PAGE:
Then Peter shares –in the whole assembly—his experience of “God making a a choice”
by sending the Spirit on Cornelius and his household. Law, a yoke, will not save us, but rather “we will be saved by the grace of the Lord Jesus…” After listening to the ministry of Paul and Barnabas, the leader of the Jerusalem community, James, confirms this religious experience by finding a passage in Amos that opens good news, as Pope Francis too insists, to the world. “Proclaim God’s marvelous deeds to all the nations,” the psalmist respond. And Jesus finds his joy in us, and not only in us gathered at the table but all those on the periphery.
Is the tent of the Catholic church opened wide enough in our day? Whom would you exclude? Whom would Jesus exclude? Picture those whom you would keep out
(Muslims, gays, dictators, prisoners) and look at Jesus looking at them tenderly. See him reach for a towel and kneel before each one to wash their feet. Talk with Jesus about your feelings. Let him speak to you.
Jesus, thank you for admitting us, Gentiles, to your community through the outpouring of your Spirit, especially on those who do not deserve such grace. Keep us from judging, we pray.
Friday, May 8, 2015
Acts 15: 22-31; Psalm 57; John 15: 12-17
The educator Sidney Simon offers a classification for the people in our lives. In the farthest circle are our acquaintances: a clerk at the grocery, our family physician, etc. In German this person would be called a neighbor as in “love your neighbor.” A more inner circle, according to Sidney Simon, are our companions, and Acts offers the description of how the early Christians shared (com) bread (panion) with one another. Still closer are our friends, in German a “co-person.” Jesus speaks of his disciples (and us) as friends “because I have told you everything that I have heard from my Father.” The deepest and closest relationship in Simon’s schema is intimacy. Jesus and God are intimate. Jesus assures us that we are more than servants, more than friends. Jesus and we are intimates.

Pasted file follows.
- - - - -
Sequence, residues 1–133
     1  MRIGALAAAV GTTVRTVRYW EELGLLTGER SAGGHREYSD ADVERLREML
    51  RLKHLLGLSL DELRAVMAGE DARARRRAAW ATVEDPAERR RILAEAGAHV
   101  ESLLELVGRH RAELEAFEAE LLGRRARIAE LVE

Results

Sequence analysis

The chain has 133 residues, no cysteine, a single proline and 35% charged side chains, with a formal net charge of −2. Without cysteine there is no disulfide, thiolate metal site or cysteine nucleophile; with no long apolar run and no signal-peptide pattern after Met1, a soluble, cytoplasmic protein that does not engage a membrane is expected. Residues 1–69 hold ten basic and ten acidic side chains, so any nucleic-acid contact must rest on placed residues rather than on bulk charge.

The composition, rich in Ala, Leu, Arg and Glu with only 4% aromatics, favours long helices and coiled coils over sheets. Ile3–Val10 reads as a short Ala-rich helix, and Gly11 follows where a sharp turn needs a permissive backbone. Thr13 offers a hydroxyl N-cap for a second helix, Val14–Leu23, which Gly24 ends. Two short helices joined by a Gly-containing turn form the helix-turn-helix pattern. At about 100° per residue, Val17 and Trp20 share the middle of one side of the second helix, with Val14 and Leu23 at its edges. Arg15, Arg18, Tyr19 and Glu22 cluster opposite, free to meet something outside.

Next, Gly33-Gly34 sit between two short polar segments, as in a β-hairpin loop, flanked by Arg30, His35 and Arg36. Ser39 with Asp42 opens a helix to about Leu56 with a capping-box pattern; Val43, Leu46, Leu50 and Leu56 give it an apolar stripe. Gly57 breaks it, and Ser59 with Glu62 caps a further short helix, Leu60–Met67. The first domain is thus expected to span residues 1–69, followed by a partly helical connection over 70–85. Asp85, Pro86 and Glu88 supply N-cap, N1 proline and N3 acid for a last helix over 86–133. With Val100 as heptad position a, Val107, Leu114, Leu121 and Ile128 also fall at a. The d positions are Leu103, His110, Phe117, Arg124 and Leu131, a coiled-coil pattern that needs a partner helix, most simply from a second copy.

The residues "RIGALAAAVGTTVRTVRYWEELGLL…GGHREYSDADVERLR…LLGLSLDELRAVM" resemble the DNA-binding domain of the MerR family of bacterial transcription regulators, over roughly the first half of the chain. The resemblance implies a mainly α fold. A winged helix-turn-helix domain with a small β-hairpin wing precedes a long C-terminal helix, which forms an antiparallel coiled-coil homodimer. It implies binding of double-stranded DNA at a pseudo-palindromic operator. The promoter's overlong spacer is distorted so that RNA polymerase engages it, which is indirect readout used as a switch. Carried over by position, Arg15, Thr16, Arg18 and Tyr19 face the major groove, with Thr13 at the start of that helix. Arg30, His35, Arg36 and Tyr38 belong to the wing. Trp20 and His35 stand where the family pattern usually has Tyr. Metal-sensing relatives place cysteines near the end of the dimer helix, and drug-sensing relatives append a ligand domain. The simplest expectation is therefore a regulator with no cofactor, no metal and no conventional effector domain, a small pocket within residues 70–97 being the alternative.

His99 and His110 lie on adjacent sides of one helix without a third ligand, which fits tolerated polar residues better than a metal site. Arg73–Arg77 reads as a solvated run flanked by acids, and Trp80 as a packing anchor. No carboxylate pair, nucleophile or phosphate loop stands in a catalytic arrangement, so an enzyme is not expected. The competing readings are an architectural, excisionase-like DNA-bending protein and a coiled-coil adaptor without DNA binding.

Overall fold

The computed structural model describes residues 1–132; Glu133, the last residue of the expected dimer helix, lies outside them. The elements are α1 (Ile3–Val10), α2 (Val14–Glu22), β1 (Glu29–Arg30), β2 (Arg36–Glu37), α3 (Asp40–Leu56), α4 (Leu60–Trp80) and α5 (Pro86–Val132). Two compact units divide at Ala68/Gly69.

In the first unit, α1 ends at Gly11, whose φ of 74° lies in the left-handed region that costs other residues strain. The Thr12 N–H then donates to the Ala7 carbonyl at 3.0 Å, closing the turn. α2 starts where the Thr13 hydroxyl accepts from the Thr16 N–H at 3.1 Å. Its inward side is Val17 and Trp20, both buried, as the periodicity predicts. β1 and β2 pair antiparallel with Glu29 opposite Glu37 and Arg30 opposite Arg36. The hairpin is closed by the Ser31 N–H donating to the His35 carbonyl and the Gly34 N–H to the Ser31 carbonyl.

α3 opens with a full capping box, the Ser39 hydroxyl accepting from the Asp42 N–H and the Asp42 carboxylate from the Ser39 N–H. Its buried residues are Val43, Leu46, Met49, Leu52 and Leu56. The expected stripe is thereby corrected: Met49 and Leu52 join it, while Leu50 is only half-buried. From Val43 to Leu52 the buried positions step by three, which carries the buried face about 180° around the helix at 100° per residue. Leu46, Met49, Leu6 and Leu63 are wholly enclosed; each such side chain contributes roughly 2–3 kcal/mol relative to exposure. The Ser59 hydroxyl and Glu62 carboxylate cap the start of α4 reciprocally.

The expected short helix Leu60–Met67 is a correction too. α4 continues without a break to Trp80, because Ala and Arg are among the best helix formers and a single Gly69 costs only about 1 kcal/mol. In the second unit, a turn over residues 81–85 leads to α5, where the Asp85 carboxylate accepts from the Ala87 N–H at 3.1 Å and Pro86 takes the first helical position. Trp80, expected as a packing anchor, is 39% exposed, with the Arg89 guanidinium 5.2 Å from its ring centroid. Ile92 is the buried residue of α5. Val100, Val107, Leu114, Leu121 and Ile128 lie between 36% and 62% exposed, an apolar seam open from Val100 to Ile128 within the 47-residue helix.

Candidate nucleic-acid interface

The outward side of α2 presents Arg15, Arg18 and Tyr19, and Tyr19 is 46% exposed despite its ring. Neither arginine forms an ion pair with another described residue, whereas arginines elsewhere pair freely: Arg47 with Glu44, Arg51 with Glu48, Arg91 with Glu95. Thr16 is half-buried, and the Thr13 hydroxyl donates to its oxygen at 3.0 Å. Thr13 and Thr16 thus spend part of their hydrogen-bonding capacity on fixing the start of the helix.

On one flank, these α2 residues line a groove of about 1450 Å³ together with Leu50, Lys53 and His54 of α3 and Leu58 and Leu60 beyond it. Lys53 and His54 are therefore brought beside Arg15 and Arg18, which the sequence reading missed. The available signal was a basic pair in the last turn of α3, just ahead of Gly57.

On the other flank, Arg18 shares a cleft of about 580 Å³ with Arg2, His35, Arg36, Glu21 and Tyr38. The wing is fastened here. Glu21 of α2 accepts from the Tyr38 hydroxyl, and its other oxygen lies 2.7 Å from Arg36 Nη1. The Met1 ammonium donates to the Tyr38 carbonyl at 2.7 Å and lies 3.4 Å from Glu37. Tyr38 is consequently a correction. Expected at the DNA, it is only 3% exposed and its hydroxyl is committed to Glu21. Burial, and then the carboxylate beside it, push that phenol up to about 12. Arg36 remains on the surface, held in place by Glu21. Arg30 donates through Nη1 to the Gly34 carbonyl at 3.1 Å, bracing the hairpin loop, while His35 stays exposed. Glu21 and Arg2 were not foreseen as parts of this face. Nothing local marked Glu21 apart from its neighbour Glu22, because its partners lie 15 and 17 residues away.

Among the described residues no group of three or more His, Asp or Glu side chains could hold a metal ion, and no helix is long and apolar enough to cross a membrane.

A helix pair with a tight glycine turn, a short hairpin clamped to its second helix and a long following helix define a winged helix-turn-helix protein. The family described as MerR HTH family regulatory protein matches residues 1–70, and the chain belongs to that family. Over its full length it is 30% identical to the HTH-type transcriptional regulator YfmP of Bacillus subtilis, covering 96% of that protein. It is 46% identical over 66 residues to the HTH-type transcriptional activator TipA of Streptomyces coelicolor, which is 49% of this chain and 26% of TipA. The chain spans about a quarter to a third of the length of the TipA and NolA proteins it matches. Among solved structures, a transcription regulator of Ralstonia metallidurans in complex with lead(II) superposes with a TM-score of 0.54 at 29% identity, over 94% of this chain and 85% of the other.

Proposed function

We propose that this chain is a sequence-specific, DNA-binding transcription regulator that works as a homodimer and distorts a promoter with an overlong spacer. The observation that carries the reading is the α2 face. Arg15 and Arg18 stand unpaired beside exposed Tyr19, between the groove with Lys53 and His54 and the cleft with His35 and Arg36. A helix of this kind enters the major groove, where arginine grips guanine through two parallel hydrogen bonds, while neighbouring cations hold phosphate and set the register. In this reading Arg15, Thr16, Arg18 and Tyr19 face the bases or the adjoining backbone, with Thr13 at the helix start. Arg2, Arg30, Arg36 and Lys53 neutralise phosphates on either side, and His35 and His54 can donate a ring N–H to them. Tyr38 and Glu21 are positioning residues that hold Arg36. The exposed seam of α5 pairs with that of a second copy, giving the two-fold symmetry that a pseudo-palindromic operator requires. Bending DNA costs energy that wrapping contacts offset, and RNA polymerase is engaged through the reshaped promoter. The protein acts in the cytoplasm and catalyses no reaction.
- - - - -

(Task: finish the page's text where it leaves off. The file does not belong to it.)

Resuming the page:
How can you respond to this call to intimacy? How does it make you feel? The psalmist responds: “My heart is ready, O God, my heart is ready!” Speak with Jesus about your feelings about being so very close with him. Listen. Rest.
Thank you, Jesus, for choosing us as your friends, as your co-persons, as the ones whom you send to bear your fruit. Let our intimacy with you make us fruitful today.
Saturday, May 9, 2015
Acts 16: 1-10; Psalm 100; John 15: 18-21
Paul chooses Timothy to be his companion and together they follow the directive of the Spirit. Twice the Spirit “prevents” or “does not allow” them to go to certain areas, but then Paul has a vision in which a Macedonian (northern Greece) invites him to come and help. They conclude “that God had called them to proclaim the Good News to them.” If we wish we might have visions and know so clearly where God calls us, we need to attend to all the feelings that arise in us, all the desires of our hearts, becoming more and more aware of them each day. We might examine our consciousness every day to see what feelings stir the Spirit, and which drag us more into isolation. As we attend daily to our feelings and desires we, like Paul, can grow more alert to the promptings of the Spirit.
Examine yesterday (or today, if you are reading this at night). First, for what do you give God thanks? What did you do? How did you feel? What did you want -- all through the day? Where was the Spirit at work? Where did you find God? How was your heart expanding or shrinking? Offer the day with its joys and sorrows to God.
Jesus, keep us alert to the movements of the Spirit in our hearts, in our families and communities. Thank you for all the grace at work in our world. Thank you for your Spirit.